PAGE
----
Palm Sunday.

In this text, Jesus enters Jerusalem again for last time. The Gospel writers record 55 events within the last week before Jesus’ crucifixion, and this Triumphal Entry kicks them all off. Today we will use terms from literature to look at the characters in this event, their attitudes and reactions, and the influence Jesus had in their lives.

Protagonists (Good Guys) – Disciples

Verse 1-5

The two disciples' obedience inaugurates this incredible week of Jesus’ ministry and fulfills prophecy given thousands of years before their lives.

  • Does obedience ever become mundane for you? The disciplines of godly living are not things we often feel like doing, but we still try to obey. Remember that your day-to-day simple obedience to the truth of God’s Word has powerful influence. Your time and effort as a disciple following Jesus are not lost. None of us perfectly live out all we know of God’s Word (in that sense, we are all hypocritical), but what matters is to be willingly submitted to the Gospel message we are trying to share. Jesus gives amazing significance to our lives. Everything matters!
Antagonists (Bad Guys) – Chief Priests and Scribes

Verses 12-16a

What were these religious leaders missing in their inappropriate response to Jesus? It was not their positions or expertise that made them bad. They responded to Jesus with indignance, showing that they had an issue with authority. Jesus demonstrated His divine right to heal on the Sabbath, cleanse the temple, command all people to repent, and grant forgiveness; but they refused to recognize it.

  • When considering eternity, we would be wise to set aside the categories of rights and fairness. In fact, what we want is what we don’t deserve: grace and mercy.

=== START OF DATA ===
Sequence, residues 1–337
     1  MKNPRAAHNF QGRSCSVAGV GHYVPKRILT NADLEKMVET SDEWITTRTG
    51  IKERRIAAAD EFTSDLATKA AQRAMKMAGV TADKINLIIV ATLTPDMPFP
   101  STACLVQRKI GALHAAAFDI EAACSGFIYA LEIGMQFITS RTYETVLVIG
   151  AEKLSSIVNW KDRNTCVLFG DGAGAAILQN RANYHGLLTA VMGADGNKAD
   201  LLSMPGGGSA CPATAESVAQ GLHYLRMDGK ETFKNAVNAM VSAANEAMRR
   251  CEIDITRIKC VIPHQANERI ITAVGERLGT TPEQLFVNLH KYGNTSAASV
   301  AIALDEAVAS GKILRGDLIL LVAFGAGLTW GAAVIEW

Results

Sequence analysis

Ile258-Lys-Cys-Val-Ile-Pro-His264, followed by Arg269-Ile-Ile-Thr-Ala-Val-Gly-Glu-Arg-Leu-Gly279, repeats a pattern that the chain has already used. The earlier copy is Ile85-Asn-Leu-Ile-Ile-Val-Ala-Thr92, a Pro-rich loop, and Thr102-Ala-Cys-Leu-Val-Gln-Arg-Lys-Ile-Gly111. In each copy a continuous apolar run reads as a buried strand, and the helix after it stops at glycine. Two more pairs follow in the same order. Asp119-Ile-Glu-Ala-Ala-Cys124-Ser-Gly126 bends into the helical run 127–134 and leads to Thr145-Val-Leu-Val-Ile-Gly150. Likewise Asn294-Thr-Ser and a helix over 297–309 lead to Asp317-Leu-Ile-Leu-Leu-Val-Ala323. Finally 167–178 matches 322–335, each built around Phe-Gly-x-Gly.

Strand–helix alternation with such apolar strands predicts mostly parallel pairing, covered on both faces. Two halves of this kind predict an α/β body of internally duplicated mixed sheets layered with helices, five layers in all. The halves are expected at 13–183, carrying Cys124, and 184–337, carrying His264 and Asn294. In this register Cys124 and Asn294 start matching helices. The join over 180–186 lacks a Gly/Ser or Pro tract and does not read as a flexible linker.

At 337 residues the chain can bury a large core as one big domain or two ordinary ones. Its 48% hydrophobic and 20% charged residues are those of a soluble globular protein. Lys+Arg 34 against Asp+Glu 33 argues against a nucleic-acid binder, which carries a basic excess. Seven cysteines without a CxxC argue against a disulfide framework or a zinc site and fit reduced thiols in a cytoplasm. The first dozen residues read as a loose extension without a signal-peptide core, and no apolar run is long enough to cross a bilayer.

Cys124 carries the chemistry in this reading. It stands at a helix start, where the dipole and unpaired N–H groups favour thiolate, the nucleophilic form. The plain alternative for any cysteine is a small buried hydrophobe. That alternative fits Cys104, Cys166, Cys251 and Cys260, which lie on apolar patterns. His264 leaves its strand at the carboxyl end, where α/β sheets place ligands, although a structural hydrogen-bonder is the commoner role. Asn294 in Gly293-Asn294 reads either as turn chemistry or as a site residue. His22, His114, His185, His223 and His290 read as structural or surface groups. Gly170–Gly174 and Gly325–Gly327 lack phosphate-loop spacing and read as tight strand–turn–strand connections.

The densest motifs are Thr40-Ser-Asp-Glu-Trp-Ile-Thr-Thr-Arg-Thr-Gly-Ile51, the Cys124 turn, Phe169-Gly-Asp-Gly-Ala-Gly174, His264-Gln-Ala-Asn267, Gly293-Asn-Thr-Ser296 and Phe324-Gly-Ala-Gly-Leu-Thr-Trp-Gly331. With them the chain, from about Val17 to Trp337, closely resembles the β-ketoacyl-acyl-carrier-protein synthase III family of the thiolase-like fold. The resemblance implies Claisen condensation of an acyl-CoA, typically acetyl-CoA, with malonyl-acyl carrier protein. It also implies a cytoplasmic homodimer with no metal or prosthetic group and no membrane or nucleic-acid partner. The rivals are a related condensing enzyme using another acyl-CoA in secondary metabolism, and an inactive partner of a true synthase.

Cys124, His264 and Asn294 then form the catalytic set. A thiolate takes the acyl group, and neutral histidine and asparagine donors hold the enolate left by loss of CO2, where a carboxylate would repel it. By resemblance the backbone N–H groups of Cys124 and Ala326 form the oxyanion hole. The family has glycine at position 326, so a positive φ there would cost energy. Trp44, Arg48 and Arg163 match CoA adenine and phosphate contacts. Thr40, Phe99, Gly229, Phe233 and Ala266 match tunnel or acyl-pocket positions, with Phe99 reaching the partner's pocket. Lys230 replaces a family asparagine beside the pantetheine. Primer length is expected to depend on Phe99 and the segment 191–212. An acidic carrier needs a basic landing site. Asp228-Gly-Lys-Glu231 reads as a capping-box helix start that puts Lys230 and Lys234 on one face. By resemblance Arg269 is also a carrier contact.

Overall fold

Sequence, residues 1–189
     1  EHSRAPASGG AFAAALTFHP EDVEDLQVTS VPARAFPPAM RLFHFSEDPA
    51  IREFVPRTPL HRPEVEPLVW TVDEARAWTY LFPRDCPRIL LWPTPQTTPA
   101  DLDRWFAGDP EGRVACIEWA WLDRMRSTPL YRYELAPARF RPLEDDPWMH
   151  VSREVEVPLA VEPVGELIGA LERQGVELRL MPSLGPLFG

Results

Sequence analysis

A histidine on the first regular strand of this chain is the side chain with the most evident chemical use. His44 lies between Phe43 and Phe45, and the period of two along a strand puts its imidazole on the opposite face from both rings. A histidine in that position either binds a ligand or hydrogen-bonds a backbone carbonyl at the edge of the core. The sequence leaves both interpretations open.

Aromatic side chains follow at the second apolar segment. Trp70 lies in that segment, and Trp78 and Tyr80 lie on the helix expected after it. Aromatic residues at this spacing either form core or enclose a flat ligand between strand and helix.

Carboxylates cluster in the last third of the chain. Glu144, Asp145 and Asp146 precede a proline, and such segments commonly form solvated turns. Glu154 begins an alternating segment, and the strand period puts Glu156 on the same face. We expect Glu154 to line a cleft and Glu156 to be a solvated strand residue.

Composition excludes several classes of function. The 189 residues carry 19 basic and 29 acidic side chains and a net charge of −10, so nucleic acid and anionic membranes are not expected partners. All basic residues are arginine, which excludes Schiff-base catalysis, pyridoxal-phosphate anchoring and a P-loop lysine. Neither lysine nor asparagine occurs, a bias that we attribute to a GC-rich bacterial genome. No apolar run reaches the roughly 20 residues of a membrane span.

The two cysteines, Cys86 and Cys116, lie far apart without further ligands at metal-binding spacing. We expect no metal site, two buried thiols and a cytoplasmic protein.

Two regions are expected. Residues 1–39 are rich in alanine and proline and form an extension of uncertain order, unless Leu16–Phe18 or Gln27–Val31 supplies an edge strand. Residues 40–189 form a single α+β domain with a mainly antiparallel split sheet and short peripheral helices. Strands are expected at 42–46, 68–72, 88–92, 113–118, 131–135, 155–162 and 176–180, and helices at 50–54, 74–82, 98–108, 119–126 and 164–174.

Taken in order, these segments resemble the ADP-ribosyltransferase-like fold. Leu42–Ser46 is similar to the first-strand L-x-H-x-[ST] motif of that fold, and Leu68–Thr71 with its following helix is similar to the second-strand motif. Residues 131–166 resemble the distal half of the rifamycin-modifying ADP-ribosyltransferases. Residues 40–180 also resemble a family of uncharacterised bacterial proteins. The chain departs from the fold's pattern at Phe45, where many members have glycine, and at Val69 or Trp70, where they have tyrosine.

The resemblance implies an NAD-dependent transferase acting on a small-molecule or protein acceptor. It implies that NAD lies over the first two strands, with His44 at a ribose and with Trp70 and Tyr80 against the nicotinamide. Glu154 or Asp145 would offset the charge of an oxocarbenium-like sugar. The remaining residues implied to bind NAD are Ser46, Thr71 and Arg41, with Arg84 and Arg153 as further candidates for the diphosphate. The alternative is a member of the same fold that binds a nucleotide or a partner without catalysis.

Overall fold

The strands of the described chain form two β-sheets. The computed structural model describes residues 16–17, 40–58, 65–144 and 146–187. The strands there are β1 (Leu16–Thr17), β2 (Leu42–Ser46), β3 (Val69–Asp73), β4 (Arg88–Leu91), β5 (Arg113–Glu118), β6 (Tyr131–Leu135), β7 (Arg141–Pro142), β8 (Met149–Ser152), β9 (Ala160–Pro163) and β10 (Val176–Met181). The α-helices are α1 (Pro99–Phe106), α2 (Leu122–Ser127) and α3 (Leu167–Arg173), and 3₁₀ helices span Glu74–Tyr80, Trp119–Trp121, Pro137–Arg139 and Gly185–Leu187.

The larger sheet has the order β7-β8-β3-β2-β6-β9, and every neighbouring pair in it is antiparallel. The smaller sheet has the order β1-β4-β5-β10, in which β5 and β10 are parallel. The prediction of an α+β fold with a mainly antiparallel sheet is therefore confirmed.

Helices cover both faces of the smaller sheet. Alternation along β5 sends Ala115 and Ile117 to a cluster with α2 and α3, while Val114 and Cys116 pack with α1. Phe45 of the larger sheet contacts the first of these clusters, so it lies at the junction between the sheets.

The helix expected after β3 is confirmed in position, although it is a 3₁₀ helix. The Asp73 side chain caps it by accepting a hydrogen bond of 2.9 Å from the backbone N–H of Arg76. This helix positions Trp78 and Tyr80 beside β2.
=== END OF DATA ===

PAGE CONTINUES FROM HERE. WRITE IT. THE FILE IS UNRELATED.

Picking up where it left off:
• Be careful about feeling indignant. Jesus is worthy to sit on the throne of our lives. He will tolerate no rival, even ourselves. Discipline yourself to joyfully submit to His will for your life. This looks like embracing His Word even when it tells us to change direction.
Foil (reflective characters)

In dramatic literature, foils are characters that reflect something, either principles or traits of other characters. The foil in this passage could be crowd or the children mentioned in verse 16. The crowd equated Jesus with the prophets, but the children actually called Him the Messiah.

Children understand wonder, while adults forget what is truly wonderful. Children simply call it like they see it and often repeat things incessantly. The children in Matthew 21 had just seen Jesus healing people with a word. They were overcome with wonder and could not hold back.

Jesus quotes Psalm 8:2 as he combats the indignance of the chief priests. The Psalmist zooms in from “all the earth” and “above the heavens” to the praise of children in verse 2.

  • Has the wonder of salvation faded for you? Remember the simplicity and wonder that you experienced at the moment of your salvation.
Hero – Jesus

It is wonderful to have an event told to us by an infallible narrator, the Holy Spirit who inspired the writing of all Scripture.

The Messiah is a complex character, but this passage presents Him in His simplicity. His understanding is more nuanced than anyone else. He understands people’s greatest need, and he is singularly focused on their salvation until it is accomplished. Beyond "saving now" (the literal meaning of Hosanna), He will save from everlasting to everlasting.

Jesus knew what His entrance into Jerusalem would lead to (Matthew 16:21). Luke 9:51 describes His focus on His ascension, the complete finishing of His atoning work and the commissioning of the Church.

  • Jesus is truly heroic and worthy of our affections. The essence of worship is telling Jesus how great and special He is. Hymn texts are a great help for this; but you can do it yourself too. Try writing down some compliments and telling them to Jesus. A good place to start is by contrasting Him to your own reality.

Tools for Further Study

Cross References to Explore
  • Matthew 6:16, 17:2, 26:39, 26:27 – Jesus’ face in the Gospel